Monday, August 02, 2004

Luck: A Worker’s Best Protection Against Trench Collapses?

I’ve reported on a number of trench fatalities lately, and probably missed others. (Here, here, here, here and here) One of the most recent was in Western Pennsylvania.

This is a rather upsetting – although not surprising – article in the Pittsburgh Post-Gazette making the case that even with all of the recent trench collapse fatalities in the Pittsburgh area, "it may be more surprising is that such fatalities don't occur more often."
National experts on trench safety say federal requirements designed to prevent such collapses are routinely ignored by the thousands of small companies that dig utility lines or do other underground work across America every day. That imperils workers such as Marion E. Peters, 61, of Franklin Park, who died Wednesday when excavating a trench at least 7 feet deep in Economy, Beaver County.

"My experience is the majority [of trenches] are usually unprotected," said Jack L. Mickle, professor emeritus of civil engineering at Iowa State University. "It becomes a matter of roulette, just taking a chance" that dirt won't fill the trench.
OSHA’s trenching and excavation standard (29 CFR 1926.651 and .652) requires trenches over 5 feet deep to be shored or use a trench box.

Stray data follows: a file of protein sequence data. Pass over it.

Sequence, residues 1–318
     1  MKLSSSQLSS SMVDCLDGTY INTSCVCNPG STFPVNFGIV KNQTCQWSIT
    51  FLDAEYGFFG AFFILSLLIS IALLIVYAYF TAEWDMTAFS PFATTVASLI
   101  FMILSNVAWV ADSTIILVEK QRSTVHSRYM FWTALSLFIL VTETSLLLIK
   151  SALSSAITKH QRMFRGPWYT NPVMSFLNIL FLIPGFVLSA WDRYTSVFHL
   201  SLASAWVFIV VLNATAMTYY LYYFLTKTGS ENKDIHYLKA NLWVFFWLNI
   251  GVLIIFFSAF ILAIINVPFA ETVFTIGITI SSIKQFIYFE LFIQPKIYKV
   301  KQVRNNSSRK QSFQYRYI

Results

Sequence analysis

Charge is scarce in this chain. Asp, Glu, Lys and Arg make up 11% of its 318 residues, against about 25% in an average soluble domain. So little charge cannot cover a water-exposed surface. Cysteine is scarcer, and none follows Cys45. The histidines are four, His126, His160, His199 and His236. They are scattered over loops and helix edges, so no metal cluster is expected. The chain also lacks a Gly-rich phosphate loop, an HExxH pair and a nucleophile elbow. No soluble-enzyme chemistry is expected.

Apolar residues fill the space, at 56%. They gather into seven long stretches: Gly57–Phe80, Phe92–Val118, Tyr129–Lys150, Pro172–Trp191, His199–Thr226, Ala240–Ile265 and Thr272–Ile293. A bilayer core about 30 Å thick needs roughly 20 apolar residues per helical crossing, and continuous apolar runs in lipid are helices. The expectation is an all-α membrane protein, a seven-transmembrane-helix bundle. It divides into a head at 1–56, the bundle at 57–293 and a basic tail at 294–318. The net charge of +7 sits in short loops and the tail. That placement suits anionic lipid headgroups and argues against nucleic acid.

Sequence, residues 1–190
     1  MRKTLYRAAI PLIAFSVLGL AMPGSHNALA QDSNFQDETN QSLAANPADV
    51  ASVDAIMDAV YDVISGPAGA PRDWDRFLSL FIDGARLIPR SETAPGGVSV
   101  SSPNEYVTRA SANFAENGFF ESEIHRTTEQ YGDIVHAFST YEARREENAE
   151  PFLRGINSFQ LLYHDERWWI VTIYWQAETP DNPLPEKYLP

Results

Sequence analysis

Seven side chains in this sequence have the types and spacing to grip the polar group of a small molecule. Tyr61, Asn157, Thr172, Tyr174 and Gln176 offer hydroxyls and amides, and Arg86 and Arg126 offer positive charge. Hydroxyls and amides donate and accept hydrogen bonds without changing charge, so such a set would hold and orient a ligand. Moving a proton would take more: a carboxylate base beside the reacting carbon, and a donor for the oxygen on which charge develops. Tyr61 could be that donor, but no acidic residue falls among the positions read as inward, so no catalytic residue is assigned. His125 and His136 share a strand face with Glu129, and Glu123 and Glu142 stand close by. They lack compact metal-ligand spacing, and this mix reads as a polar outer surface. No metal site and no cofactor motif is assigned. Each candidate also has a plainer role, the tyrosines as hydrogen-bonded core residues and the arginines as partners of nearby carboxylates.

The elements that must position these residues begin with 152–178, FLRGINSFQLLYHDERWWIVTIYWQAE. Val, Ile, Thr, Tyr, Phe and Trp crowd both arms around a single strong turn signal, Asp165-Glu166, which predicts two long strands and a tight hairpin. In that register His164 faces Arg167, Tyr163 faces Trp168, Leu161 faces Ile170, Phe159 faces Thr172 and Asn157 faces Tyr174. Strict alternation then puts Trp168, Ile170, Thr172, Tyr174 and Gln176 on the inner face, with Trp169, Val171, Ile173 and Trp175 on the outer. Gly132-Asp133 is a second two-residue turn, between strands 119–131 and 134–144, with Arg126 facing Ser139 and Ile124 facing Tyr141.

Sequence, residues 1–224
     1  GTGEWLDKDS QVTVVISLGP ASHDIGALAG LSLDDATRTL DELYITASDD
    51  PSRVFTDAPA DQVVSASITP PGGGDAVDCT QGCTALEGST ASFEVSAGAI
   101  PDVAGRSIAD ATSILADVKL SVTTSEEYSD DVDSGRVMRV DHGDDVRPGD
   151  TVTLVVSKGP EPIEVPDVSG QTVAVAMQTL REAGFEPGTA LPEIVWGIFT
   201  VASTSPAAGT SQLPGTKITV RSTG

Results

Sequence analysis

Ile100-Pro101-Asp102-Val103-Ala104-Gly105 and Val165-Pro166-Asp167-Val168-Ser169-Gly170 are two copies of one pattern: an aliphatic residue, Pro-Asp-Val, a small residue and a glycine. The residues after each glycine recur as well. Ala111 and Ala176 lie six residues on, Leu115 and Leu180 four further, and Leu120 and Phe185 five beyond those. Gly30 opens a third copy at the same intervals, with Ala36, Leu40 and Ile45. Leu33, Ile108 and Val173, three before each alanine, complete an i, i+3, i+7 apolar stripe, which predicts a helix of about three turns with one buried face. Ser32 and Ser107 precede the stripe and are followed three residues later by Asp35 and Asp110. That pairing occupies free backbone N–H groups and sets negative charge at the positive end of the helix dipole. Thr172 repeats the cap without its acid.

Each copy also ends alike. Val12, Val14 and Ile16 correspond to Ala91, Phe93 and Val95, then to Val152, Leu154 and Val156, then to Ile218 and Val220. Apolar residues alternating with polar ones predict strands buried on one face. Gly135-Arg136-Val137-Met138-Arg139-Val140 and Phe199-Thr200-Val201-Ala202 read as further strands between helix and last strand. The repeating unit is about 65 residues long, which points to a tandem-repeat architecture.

The boxes might cost more than $5,000 to purchase or about $100 to rent for the day, but are well worth it, said George Kennedy, vice president of safety for the National Utility Contractors Association. Still, many companies, especially smaller ones, don't want to make the investment or slow down their work for the half-hour or so it might take to install them, Kennedy said.

"I think some people just take it for granted because they never had a problem before, never had a cave-in that trapped somebody," Kennedy said. "I'd say probably 20 percent of the people working in trenches are using the right protection."

Instead of trench boxes, excavators can shore up the walls hydraulically or slope the sides of the trench in a V-shape instead of vertically. Most contractors who don't use the boxes, however, also don't take alternative steps, experts said.

Finally, this is rather frightening:

OSHA's national statistics generally cite 30 to 50 cave-in deaths a year. Mickle, known as "Dr. Dirt" for his longtime safety work in the field, said some studies have suggested such cases are under-reported to the government, and could actually be three to four times as high.